Education is great, right? It opens doors and alleviates poverty, creates opportunities and a well-informed public. As university students, we all value our education enough to spend thousands upon thousands of dollars each year for the privilege of gaining knowledge — but if you want to lower tuition, EMU, we won’t value it any less.

Education in Guatemala, especially in rural areas, is a different story. According to United Nations Educational, Scientific and Cultural Organization, Guatemala spends 9.8 percent of its annual GDP per capita on education, compared to 19.8 percent in the United States. The position of teacher in Guatemala is in no way exalted; in fact, they must often resort to “skimming off the top” of school payments in order to make enough to get by.

For instance, a school activity might cost 3 Quetzals, but the teacher charges each student 5 Quetzals and keeps the additional amount to augment their pitifully low state salaries. The vast majority of children in rural areas, especially girls, drop out of school long before age 18. Those who do remain in school against all odds aren’t necessarily rewarded; the highly educated or proponents of education have been targets for assassination with each violent change of power.

What’s more, ancient Mayan culture and spirituality still live on in part because of the isolation they retain from modern culture. Education moves culture into more modern scientific thinking and away from spirituality that cannot be explained through empirical means.

Our group came face to face with the difficulties of education in Guatemala when we visited the Cloud Forest Center run by Rob and Tara Cahill in the Alta Verapaz region. They have built, from the ground up, a center which, among other projects, educates and empowers young women from nearby villages.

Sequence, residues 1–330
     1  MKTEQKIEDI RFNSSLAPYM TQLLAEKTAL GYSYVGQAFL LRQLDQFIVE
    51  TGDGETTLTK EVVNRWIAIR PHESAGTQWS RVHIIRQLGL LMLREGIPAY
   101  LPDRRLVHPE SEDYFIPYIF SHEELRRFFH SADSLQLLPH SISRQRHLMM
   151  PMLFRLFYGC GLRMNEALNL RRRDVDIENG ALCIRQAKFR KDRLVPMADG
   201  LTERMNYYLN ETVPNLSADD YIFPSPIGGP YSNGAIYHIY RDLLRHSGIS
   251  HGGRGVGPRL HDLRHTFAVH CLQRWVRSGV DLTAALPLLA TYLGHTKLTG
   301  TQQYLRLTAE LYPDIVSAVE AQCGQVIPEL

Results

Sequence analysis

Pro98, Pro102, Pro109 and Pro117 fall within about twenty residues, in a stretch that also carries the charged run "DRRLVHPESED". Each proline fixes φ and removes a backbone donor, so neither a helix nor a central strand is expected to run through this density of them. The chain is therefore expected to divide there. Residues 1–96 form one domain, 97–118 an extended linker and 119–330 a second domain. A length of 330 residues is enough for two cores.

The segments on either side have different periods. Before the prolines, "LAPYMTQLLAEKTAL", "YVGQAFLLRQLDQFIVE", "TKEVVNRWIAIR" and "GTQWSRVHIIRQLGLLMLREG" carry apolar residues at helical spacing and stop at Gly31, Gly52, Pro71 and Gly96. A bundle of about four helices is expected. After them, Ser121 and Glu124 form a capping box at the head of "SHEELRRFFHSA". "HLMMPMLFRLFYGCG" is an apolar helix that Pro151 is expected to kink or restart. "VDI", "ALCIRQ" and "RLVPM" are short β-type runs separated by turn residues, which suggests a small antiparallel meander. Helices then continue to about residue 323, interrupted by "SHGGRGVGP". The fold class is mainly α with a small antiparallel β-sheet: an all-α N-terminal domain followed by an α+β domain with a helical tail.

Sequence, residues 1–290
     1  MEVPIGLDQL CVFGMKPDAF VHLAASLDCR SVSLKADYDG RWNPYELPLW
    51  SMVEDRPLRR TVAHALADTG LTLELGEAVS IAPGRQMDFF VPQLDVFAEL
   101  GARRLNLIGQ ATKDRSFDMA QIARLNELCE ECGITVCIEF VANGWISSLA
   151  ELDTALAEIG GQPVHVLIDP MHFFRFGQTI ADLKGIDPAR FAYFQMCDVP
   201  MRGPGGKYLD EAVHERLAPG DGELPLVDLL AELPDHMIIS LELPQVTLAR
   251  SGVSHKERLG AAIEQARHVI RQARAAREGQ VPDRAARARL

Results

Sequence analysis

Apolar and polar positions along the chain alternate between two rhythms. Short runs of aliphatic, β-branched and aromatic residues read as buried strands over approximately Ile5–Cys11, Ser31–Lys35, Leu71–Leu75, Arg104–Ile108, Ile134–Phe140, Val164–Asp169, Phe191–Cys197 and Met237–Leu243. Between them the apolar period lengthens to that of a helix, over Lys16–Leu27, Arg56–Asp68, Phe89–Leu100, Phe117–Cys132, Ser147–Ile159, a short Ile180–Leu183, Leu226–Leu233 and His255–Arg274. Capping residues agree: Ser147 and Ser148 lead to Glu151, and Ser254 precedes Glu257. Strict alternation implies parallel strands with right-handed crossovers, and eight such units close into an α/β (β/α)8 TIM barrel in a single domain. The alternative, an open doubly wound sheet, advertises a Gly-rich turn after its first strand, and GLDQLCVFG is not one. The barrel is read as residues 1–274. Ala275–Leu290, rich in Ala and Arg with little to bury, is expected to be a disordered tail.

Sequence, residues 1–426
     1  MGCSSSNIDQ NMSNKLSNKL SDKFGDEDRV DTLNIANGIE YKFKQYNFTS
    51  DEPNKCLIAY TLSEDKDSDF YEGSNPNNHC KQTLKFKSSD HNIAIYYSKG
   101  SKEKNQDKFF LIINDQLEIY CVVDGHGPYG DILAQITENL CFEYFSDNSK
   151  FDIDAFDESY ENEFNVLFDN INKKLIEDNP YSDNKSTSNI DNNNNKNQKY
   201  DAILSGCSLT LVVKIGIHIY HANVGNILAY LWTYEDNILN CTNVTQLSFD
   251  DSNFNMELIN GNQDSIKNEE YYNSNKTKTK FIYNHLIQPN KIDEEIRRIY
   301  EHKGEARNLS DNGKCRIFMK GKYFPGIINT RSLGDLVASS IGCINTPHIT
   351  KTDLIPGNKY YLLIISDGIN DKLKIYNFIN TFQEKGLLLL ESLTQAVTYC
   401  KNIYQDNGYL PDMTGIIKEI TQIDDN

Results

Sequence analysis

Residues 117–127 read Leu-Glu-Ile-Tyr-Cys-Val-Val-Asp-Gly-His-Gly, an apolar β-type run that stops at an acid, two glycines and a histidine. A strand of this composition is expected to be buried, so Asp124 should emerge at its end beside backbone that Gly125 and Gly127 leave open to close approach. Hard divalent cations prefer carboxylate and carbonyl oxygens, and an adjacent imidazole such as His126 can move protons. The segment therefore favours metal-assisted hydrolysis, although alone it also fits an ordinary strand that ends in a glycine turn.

I have no doubt of the benefits of these lessons on the confidence and health of the future families of these women. It is important to keep in mind, however, that education is not necessarily a pleasant process when learning about a system slanted against you. To receive equal treatment as an indigenous person, one must give up certain aspects of culture in order to blend in, such as dress and language, or join the long and dangerous fight for indigenous rights.

Here in Guatemala, I am forced to rethink my vision of education more as a rocky, robber-filled road requiring 4-wheel-drive rather than a highway to a successful life. The destination might be the same, but the former requires a brave, determined soul and might not be reached in one lifetime. I see that education can be a source of danger rather than security.

I see that education can be eye-opening, often in a way that creates cognitive dissonance and unrest. I see that education might erode Mayan culture and languages rather than preserve them. I see that I cannot take my ideas about education in the United States and apply them directly to Guatemala because there are greater forces woven into the historical and cultural context.

Contributing Writer

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